Kahauiki Village would not have been possible without generous contributions from the community. “Kahauiki is a unique development,” says Gordan Furutani, project director. “Typically, when developing a project, you cost it out and secure financing to pay for the expenses. The currency used to pay for Kahauiki is the generosity of the community. There is no budget or pot of funds to draw from. Most of the services and materials to develop the housing units have been donated or done pro bono.”
Many involved in Kahauiki Village hope it will serve as a solution to homelessness and as a model for sustainable communities and public-private partnerships that can be replicated in other parts of Hawaii, the country and the world. They also see it as an example of how people and businesses can help in tangible ways by donating time, materials and services.
John Dean, a member of the project team responsible for finance, says the contributions from the public sector are critical. “It’s an example, not just for the state of Hawaii that we can be proud of, but I think it’s an example for the rest of the country in terms of how we can make a difference. We’re not the only state struggling with homelessness,” he says.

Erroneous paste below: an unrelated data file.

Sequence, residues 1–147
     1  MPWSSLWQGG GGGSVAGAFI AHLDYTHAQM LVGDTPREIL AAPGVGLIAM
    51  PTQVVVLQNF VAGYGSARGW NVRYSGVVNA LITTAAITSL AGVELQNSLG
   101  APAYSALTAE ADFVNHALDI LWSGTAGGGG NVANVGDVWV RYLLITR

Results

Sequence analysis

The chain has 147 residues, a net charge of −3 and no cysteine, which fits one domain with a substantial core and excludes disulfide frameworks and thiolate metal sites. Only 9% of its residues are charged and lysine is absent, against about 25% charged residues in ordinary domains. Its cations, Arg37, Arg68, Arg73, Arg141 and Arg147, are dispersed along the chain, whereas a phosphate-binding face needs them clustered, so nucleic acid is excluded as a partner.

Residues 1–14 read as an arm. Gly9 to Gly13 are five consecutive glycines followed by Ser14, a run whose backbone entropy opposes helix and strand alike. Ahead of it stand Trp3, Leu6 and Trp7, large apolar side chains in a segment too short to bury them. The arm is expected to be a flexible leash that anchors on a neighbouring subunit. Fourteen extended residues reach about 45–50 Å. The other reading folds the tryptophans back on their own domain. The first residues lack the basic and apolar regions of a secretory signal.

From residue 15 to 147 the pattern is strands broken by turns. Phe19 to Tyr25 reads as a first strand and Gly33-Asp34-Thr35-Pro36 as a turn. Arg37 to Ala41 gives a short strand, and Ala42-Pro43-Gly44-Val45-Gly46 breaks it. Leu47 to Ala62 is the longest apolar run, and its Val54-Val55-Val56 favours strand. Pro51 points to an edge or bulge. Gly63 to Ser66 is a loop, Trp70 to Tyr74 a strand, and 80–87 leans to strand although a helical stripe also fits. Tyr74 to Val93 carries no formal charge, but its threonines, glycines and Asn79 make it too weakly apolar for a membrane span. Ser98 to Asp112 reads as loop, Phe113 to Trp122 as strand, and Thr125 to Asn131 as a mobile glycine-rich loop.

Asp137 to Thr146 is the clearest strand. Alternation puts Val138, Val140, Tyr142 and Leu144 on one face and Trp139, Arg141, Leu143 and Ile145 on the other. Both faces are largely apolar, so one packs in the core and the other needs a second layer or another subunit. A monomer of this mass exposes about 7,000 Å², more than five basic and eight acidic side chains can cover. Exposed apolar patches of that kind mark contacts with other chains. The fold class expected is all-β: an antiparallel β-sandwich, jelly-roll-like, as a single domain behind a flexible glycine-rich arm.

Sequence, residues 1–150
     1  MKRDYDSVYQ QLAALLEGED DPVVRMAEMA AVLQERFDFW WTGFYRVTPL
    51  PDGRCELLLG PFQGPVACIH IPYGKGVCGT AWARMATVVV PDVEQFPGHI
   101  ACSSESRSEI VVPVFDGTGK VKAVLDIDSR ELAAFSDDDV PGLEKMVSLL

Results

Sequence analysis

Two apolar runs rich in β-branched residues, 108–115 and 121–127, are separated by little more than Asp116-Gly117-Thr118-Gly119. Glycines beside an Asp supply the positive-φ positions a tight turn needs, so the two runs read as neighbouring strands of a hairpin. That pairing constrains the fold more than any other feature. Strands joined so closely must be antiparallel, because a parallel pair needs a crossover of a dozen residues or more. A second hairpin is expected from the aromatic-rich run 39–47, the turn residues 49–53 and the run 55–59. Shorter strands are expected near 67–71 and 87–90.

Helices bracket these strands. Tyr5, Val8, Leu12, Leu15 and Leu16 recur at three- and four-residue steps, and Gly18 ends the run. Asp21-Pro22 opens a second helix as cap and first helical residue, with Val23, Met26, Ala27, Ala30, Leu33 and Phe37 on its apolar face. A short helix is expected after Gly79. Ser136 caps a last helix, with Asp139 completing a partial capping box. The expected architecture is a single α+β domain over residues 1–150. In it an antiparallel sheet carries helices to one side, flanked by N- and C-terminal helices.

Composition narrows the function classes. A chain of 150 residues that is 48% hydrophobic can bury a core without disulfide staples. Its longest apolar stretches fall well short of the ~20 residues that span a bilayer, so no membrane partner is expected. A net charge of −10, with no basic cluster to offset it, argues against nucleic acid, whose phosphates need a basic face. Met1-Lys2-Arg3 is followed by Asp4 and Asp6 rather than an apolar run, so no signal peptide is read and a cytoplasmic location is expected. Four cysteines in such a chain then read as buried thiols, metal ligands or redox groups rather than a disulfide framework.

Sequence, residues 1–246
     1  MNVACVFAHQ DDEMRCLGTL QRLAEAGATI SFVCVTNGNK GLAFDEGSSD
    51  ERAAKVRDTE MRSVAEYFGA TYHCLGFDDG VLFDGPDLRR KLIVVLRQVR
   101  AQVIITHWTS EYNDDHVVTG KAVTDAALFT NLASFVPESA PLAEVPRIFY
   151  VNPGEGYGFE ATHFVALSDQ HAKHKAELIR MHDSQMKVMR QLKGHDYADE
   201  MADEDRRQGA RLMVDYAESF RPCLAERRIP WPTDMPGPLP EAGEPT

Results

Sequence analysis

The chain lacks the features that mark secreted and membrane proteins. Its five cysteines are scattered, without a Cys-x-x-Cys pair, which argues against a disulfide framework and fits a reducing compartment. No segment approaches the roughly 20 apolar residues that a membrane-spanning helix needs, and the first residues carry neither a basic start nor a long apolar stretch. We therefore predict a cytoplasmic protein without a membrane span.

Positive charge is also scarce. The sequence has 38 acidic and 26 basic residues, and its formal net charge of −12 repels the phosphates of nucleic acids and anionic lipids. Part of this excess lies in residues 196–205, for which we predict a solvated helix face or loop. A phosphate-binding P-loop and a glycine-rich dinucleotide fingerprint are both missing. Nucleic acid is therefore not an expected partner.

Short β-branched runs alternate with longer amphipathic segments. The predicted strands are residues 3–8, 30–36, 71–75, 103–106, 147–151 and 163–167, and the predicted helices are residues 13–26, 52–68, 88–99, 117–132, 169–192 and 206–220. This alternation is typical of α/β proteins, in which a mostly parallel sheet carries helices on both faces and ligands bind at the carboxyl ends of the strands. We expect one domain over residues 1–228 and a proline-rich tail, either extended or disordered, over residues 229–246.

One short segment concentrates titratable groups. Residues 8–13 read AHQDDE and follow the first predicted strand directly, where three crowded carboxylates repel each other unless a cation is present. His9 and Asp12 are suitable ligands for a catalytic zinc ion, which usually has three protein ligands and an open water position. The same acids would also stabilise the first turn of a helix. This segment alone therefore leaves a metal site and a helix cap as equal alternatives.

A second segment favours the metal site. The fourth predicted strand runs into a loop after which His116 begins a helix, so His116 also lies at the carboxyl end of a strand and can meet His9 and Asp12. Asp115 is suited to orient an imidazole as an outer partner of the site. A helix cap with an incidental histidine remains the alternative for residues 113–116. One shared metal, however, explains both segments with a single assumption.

"Personally, I was motivated by compassion; homelessness is everyone’s problem and seeing families with young children forced to live on the streets is disheartening and unacceptable. I believe that Kahauiki Village offers hope because it will provide families with stability and children a safe, more nurturing environment to grow up in.”
Alex Tamai, Walters, Kimura, Motoda, Inc.
“We hope that Kahauiki provides a foundation for homeless families so that they can build a better life for their family and give their children a hopeful future.”
Ken Sakurai, Coastal Construction
“For me, it’s about the children. At some point, I’m hopeful that the children of the parents who are moving in will not be living there; that they will be moving on to better things.”
Russell Yamamoto, RMY Construction